Note: This was a most difficult time for the Savior. We understand that at this point all available help from the Father withdrew in order that the Savior might experience all things, including the withdrawal of the Spirit, which sinners experience.
47 Some of them that stood there, when they heard that, said, This man calleth for Elias (Elijah).
48 And straightway one of them ran, and took a sponge, and filled it with vinegar, and put it on a reed, and gave him to drink.
49 The rest said, Let be, let us see whether Elias (Elijah) will come to save him.
50 Jesus, when he had cried again with a loud voice (JST: saying, Father, it is finished, thy will is done), yielded up the ghost (left his body, died).
54 Now when the centurion, and they that were with him, watching Jesus, saw the earthquake, and those things that were done, they feared greatly, saying, Truly this was the Son of God.
This mocking could not change the truth: Jesus was the Son of God.
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Elder Dennis B. Neuenschwander, Of the First Quorum of the Seventy:
One of the most well-known crowds in the Book of Mormon is the one that occupies the great and spacious building in Lehi’s vision of the tree of life. The building was filled with people, old and young, male and female, who were mocking and pointing their fingers toward those who were partaking of the fruit of the tree. Unfortunately, some who had tasted of the fruit listened to the crowd and “fell away into forbidden paths and were lost.” There were others, however, who partook of the fruit and paid no heed to the crowd. These were the ones who enjoyed the full blessings of the tree of life.
In reality these stories are not about crowds but individuals among those crowds. They are really about you and me. All of us are among the crowds of this world. Almost all of us are like the woman who, despite the crowd, comes to the Savior. We all have faith that just a touch will bring healing to our aching souls and relief to our innermost needs. New members of the Church in many lands are often like Alma. They hear the words of life when no one else in their family or circle of friends does. Yet they still have the courage to accept the gospel and chart a course through the crowds. I think each one of us understands what it means to partake of the fulfilling fruit of the tree of life within sight and sound of those who mock and what it means to exert every courageous effort to pay them no heed.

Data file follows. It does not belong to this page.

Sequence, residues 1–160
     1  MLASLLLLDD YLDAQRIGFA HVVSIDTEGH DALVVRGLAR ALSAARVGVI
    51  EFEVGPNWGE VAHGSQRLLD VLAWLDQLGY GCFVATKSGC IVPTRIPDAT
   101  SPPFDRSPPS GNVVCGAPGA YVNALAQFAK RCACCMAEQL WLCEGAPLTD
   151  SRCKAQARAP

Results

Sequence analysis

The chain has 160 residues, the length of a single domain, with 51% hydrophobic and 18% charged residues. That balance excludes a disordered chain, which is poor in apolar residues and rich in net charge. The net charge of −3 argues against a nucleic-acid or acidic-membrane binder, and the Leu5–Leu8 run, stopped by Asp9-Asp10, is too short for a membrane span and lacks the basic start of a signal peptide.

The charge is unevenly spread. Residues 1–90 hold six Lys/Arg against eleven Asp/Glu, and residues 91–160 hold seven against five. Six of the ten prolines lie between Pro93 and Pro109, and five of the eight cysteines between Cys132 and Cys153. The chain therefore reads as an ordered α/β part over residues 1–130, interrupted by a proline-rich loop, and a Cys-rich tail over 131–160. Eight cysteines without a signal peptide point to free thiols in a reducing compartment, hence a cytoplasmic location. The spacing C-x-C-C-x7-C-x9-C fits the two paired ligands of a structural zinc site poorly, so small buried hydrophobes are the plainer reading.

Struggling through the crowds of the world can be lonely and hard. Their pull and tug on the individual who wishes to step away to something better can be very strong and very difficult to overcome.
Who better than the Savior can reach, support, and ultimately rescue the one among the crowd? He understands what it is to persevere among a disrespectful crowd and still remain true. The worldly crowds do not recognize Him, saying that “he hath no form nor comeliness” and that “there is no beauty that we should desire him.” King Benjamin says that the world “shall consider him a man.” Isaiah further describes Christ’s place among the crowds of the world with these words:
“He is despised and rejected of men; a man of sorrows, and acquainted with grief … ; he was despised, and we esteemed him not.
“Surely he hath borne our griefs, and carried our sorrows: yet we did esteem him stricken, smitten of God, and afflicted.”
Nephi writes that “the world, because of their iniquity, shall judge him to be a thing of naught.”
Yet ultimately this Firstborn Son of God, who is so often misjudged and misunderstood, will emerge from being one among the crowd as the Anointed One, the Savior and Redeemer of the world. This emergence is humbly predicted in the Savior’s own statement to certain chief priests and elders that “the stone which the builders rejected, the same is become the head of the corner.”
My dear brothers and sisters, I pray that each one of us can pass safely through the crowds of this world. In all of life’s circumstances let us quietly and resolutely press forward to the Savior, having faith that He cares about us and has the power to heal and save us. Let us heed His words of life and partake fully, continually, and courageously of the fruit that comes therefrom. In the name of Jesus Christ, amen.
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Sources: Come, Follow Me–For Individuals and Families, p. 95; The New Testament Made Easier, Part 1, Volume 2, by David J. Ridges, 97-99; Excerpt from General Conference, April 2008, “One among the Crowd” by Elder Dennis B. Neuenschwander, Of the First Quorum of the Seventy.